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Companies Are Fleeing Oracle Into the Arms of Microsoft's SQL Server on Linux

By Evan Niu, CFA – Mar 16, 2016 at 1:30PM

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Microsoft is embracing Linux in a big way, and it's already paying off.

Image source: Microsoft.

In a remarkable strategic shift, Microsoft (MSFT -2.36%) announced earlier this month that it was launching a new version of its popular SQL server software on Linux. The move makes a lot of sense and fits perfectly within Satya Nadella's new strategic direction for the company. SQL Server on Linux will dramatically expand Microsoft's addressable market by broadening its horizons to other data center platforms.

The move is also a clear threat to Oracle (ORCL 0.27%), which incidentally just reported a strong quarter last night. Microsoft is aggressively trying to poach Oracle database users by offering free licenses, free training, and subsidized deployment services if they migrate.

It's working.

Welcoming with open arms
Microsoft cloud and enterprise exec Takeshi Numoto says that approximately 8,000 companies have now signed up to give SQL Server on Linux a try, according to Business Insider. A quarter of those interested companies are in the Fortune 500, and a large portion of them are transitioning directly from Oracle's offerings.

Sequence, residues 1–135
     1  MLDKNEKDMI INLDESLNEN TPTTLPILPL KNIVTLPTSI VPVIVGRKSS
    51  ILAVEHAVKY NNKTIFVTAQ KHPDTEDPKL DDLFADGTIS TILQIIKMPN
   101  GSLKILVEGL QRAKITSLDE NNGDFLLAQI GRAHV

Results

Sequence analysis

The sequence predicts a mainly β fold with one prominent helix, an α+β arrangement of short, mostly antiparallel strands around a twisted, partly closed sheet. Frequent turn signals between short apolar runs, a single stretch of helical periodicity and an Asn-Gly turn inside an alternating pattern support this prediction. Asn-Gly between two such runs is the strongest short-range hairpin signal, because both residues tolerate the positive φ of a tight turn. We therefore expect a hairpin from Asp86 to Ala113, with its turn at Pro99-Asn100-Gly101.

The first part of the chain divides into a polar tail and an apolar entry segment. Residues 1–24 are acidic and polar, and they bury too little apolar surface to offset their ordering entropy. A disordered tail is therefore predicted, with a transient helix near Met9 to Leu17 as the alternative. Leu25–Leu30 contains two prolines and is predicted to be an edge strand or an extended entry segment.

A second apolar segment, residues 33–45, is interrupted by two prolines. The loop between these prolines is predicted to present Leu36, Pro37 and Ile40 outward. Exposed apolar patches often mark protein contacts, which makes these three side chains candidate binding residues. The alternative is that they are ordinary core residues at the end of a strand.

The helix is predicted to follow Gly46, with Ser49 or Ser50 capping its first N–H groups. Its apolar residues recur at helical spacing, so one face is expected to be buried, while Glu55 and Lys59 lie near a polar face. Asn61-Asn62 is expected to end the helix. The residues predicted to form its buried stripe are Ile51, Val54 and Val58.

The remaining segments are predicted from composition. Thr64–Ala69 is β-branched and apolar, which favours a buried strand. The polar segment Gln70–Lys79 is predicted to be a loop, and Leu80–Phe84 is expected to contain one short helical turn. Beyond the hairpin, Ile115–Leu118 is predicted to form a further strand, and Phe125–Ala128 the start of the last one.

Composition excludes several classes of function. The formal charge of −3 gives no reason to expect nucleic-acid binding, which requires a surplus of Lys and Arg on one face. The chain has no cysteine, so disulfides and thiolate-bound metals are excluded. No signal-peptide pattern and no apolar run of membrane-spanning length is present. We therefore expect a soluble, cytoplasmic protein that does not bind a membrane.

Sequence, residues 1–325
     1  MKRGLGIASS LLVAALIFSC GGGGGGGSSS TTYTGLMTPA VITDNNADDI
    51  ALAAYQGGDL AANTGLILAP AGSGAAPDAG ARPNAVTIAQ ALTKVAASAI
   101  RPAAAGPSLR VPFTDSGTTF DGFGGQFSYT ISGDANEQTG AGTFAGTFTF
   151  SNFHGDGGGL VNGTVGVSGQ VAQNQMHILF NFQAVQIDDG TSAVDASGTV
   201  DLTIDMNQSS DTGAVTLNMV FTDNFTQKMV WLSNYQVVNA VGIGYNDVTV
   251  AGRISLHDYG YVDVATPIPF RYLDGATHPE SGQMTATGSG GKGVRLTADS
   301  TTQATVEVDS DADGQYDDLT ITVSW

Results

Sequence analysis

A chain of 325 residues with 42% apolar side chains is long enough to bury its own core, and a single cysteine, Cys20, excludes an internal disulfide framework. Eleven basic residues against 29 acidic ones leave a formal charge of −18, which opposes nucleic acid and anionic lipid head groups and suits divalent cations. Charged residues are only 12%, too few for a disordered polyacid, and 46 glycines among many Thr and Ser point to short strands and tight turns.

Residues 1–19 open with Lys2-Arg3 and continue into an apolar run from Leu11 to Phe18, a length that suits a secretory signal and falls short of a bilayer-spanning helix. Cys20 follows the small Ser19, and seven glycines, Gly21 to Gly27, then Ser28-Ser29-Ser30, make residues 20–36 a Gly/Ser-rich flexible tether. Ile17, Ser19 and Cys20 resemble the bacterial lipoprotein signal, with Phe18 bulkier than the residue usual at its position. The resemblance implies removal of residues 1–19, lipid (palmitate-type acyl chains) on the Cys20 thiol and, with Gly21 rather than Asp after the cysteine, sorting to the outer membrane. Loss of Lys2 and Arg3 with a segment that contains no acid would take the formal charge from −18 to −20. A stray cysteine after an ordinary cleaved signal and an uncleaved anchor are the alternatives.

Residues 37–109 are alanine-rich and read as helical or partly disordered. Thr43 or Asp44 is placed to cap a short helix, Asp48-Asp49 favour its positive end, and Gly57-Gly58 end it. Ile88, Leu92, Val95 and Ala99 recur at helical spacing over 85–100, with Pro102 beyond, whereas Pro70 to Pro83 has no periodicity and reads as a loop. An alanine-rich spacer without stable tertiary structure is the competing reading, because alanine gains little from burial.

Image source: Microsoft.

Oracle has lead the database market for years, and arguably gotten a little complacent with its leadership. Many customers are disgruntled and frustrated and have just been waiting for more competitive offerings to appear. Last year,'s AWS division also made some overtures to Oracle customers. Oracle has been criticized for being aggressive with its sales tactics, leveraging its dominant market position.

As a free operating system, Linux helps enterprise customers save on data center costs and Microsoft can now address this segment of the market. Oracle's databases have long supported Linux.

"Cloud-first, mobile-first"
SQL Server on Linux is but the latest move in Satya Nadella's broader cross-platform vision, where Microsoft doesn't need to own the underlying platform in order to nurture a successful relationship with enterprise customers. Microsoft's Azure cloud platform even supports software and applications from rivals, and the company recently acquired a start-up that specializes in cross-platform development tools.

SQL Server is included in the Intelligent Cloud business, which comprised over 25% of revenue last quarter. It's a profitable business, too, with 41% operating margins. Microsoft's cloud business is stronger than ever, and it's all thanks to Satya Nadella.

Evan Niu, CFA has no position in any stocks mentioned. The Motley Fool owns shares of Oracle. We Fools may not all hold the same opinions, but we all believe that considering a diverse range of insights makes us better investors. The Motley Fool has a disclosure policy.

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